Linux vs. Windows: A Comparison For Real Humans Sans Beanies

Let's take the Great OS Wars out of the realm of the nerdz for a minute...

Whenever a debate of operating system supremacy for the desktop is launched, the geeks invariably take over the conversation and drown the humans with incomprehensible gobbledigook such as "Yeah, but can you make an archive of a subset in Windows by just typing 'find dir/ -name '*.txt' | tar c --files-from=- | bzip2 > dir_txt.tar.bz2'?" Like that was actually simpler than seeing an icon on a screen and clicking on it.

There are countless Windows vs. Linux sites on the web, likely more sites than you'll find discussing the relative merits of Capitalism vs. Communism, but I have yet to find one that communicates to mortals who do not wear pocket protectors, propeller hats and taped-together hornrimmed glasses the Pros and Cons of each Operating System (OS) in terms that they can actually understand.

That's why it's time to compile the first ever Windows vs. Linux article for real people. You know, real people? They're the ones who actually have a life away from a keyboard...

The massed armies of geekdom will likely lambaste me on an Open Source Skewer for oversimplifying all this, but here we go!

It may come as a surprise to most people weaned on the teat of Microsoft that there are actually options to seeing the Microsoft Windows logo pop up on your boot up screen. We're not discussing Macintosh here, as that is a whole 'nother matter. We're talking about the operating system on your typical, garden variety PC.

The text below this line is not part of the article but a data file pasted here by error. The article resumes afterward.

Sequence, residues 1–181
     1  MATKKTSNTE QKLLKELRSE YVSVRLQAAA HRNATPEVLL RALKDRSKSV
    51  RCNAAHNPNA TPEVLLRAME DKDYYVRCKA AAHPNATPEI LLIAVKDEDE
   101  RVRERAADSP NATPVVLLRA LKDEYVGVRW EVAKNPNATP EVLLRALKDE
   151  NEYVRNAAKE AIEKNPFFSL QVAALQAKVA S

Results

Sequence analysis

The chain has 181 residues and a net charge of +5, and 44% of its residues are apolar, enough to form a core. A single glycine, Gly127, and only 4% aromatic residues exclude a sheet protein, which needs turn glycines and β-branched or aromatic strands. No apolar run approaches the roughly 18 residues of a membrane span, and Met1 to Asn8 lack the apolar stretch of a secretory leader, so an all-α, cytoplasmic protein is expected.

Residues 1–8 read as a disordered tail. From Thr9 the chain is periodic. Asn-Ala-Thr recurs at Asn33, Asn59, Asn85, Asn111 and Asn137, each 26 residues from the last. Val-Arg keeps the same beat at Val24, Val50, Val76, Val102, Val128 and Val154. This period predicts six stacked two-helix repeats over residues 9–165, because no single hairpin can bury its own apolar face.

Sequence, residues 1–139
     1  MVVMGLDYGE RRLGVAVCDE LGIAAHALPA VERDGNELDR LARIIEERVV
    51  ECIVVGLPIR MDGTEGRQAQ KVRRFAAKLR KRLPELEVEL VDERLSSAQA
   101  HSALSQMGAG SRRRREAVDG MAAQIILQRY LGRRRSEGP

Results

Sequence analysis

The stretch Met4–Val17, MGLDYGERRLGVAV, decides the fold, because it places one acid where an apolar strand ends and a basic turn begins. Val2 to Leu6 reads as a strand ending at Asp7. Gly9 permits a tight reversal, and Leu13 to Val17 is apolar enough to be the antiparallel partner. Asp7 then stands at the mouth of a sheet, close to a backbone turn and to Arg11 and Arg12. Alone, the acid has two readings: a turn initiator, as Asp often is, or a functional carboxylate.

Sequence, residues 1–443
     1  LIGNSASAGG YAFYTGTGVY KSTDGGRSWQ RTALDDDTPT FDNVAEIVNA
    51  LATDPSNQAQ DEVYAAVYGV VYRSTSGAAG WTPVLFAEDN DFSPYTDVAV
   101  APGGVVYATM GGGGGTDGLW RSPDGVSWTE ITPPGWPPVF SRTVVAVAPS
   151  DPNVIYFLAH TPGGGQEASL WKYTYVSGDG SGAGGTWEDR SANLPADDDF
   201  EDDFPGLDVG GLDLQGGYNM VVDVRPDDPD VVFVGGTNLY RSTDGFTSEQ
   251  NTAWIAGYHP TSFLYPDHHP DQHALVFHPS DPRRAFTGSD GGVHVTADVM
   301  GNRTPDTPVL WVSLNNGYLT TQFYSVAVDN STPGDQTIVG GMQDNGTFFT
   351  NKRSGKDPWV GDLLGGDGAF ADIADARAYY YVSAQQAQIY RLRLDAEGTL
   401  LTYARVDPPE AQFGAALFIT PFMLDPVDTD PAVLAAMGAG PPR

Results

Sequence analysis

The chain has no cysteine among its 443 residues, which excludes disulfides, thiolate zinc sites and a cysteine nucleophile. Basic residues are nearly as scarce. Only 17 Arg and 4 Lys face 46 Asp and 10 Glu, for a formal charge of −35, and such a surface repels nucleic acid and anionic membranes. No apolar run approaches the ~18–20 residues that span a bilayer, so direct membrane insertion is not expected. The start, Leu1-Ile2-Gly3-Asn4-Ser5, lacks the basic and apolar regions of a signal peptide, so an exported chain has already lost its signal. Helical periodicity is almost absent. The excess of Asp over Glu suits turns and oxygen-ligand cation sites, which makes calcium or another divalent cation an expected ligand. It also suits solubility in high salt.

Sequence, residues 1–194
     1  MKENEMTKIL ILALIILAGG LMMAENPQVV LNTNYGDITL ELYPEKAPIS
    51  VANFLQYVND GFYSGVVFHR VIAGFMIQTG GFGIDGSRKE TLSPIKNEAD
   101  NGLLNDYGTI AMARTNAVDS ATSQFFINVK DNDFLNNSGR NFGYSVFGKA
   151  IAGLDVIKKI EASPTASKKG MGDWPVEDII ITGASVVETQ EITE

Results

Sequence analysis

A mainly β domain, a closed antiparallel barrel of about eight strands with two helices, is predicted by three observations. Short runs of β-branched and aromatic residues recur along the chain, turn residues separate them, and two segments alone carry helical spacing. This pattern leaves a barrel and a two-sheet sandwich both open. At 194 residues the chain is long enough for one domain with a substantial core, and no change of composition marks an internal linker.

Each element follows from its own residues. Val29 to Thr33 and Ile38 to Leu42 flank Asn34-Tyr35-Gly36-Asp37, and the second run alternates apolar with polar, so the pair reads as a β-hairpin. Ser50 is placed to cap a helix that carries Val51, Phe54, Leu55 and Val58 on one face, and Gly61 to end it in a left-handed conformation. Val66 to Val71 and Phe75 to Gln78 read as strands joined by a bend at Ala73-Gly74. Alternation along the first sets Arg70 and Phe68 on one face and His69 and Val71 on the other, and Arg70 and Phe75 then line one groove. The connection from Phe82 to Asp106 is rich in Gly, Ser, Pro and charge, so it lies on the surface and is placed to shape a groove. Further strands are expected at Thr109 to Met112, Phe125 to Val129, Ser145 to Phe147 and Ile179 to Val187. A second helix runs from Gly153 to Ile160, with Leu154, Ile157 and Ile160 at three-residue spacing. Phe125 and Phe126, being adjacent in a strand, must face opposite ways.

Your OS is just another piece of software, just like your Microsoft Office, or Grand Theft Auto. Instead of providing an application for you to use, it provides a platform for the computer to do the things you want it to do, like run your applications. Just like you can choose to write your letters and do your spreadsheets on software other than Microsoft Office, like the superb and free Open Office, and just like you can decide to uninstall the horrifically violent and debasing Grand Theft Auto game and play a nice sedate game of SimCity instead, you can also choose what OS your PC boots up to.

There are currently two main sides in the OS wars, fighting for your boot screen. One of them is Microsoft, and you're already well aware of them. The other is something called the Open Source Community. We all know about Burt Rutan, the guy who decided to build a spaceship in his garage and actually made it work better than NASA. Well, the Open Source Community is similar to that. They decided that Microsoft Windows was not the way to go so they decided to build an alternative. The strange thing about the Open Source guys and gals is that not only did they come up with something that in some ways is better than the huge behemoth they're competing against, but they give it away for free. Heck, even Burt Rutan takes Sir Richard Branson's Virgin Galactic millions!